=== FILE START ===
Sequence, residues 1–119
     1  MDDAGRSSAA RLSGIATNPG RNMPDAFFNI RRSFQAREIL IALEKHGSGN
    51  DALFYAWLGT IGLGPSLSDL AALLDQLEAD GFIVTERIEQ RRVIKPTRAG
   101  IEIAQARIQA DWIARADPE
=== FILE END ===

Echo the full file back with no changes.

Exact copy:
Sequence, residues 1–119
     1  MDDAGRSSAA RLSGIATNPG RNMPDAFFNI RRSFQAREIL IALEKHGSGN
    51  DALFYAWLGT IGLGPSLSDL AALLDQLEAD GFIVTERIEQ RRVIKPTRAG
   101  IEIAQARIQA DWIARADPE